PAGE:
Most employment contracts should have a “notice period”, whereby either employer or employee may terminate the employment contract by providing the specified notice (or by making payment in lieu of that notice).
Why do we need Notice Period in Employment contracts?
- May want the resigning employee completes their outstanding
- Assist with Handover and Transition
- May need a buffer time to plan and search for other source of income or a new job
However, there are also situations where an employee will resign with “immediate effect” and stop showing up to work, despite the notice period in the contract.
“What happens if an employee resigns without serving the contractual notice period? “
Employer may recover a sum of money equal to the salary that the employee would have earned during the notice period. This is often referred to as a “payment in lieu of notice”, or an “indemnity” for the notice period.
- Employee X’s monthly salary is RM 8,000
- Employee X’s employment contract states that he may terminate his employment by providing 1 months’ notice, or making payment in lieu of notice
- Employee X resigns on 1 January 2019
- Under his contract, he is therefore contractually required to serve notice until1 February 2019
- Employee X says that his resignation is efffective immediately and he does not turn up to work after resigning
Since Employee X has failed to serve his 1-month notice, he is required to make payment to his employer in lieu of that notice (i.e.: RM8,000.00 representing 1 month of his salary)
Employer has two options to recover payment in lieu of notice from their errant employees, through the Labour Court, or the Civil Court depends on the amount of the employee’s monthly salary:
- Does not exceed RM 5,000.00 (Labour Court); and
- Exceeds RM 5,000.00 (Civil Action in Civil Court)
- If the employee’s monthly salary does not exceed RM 5,000.00, the employer is able to recover the payment in lieu of notice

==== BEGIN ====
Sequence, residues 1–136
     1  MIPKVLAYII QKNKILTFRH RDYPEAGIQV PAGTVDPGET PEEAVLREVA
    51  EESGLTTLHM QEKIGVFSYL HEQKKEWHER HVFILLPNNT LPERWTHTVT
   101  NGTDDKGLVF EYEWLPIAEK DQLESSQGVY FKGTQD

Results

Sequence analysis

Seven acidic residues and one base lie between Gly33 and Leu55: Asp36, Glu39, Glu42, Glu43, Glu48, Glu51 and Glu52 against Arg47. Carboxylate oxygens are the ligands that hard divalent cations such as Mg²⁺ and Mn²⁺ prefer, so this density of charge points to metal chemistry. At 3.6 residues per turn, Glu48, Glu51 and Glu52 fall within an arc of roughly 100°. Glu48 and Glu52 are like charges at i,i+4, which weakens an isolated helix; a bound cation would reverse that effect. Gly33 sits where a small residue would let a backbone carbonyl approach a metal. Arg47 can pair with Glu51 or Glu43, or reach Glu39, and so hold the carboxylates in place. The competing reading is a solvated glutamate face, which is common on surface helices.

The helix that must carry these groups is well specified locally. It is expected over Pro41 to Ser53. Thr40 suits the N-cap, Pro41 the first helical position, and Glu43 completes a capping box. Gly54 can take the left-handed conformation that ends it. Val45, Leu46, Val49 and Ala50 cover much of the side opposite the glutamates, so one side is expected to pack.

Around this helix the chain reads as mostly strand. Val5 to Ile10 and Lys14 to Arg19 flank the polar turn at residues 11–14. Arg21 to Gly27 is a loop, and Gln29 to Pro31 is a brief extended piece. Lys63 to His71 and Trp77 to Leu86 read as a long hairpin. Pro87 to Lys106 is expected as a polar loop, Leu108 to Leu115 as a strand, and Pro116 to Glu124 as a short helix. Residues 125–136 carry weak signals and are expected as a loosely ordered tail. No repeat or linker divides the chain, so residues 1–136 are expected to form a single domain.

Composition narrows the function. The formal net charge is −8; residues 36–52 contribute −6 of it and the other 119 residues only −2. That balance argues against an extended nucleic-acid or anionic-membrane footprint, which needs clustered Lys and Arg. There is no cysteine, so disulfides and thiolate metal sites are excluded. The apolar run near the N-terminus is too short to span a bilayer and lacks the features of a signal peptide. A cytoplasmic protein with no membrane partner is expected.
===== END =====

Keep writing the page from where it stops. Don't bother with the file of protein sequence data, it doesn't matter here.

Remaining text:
- Through the labour court pursuant to Section 69(2)(iii) of the Employment Act 1955
- Inquiries by the Director General of Labour
- No filing fees involved in recovering an amount through the Labour Court
The procedures involved are also relatively less formal compared to legal proceedings in the civil court. However, as there are no specific timelines under the Employment Act 1955, delays may occur. Any decision by the Labour Court may be appealed to the High Court.
- If the employee’s monthly salary above RM 5,000.00, the employer may take legal action against the employee for breach of contract, due to the employee’s failure to make payment in lieu of notice.
- If the employer is successful in their claim, they will have a court judgment which can be enforceable against the employee.
- Employer should also consider issuing a letter of demand before any commencing legal action against their employees
- A letter of demand will establish the intention of the employer to recover the payment in lieu of notice
- Some employees will opt to settle the payment in lieu of notice rather than risk a legal action being filed against them
Most of the time, the notice period issue is only looked at from the lens of an employee, whether employee has been given enough notice of termination.
However, it should not be overlooked that employers similarly have rights to ensure that a resigning employee complies with their contractual obligations. An abrupt resignation or abandonment of employment can cause an employer loss and damage as there would be an unplanned vacancy.
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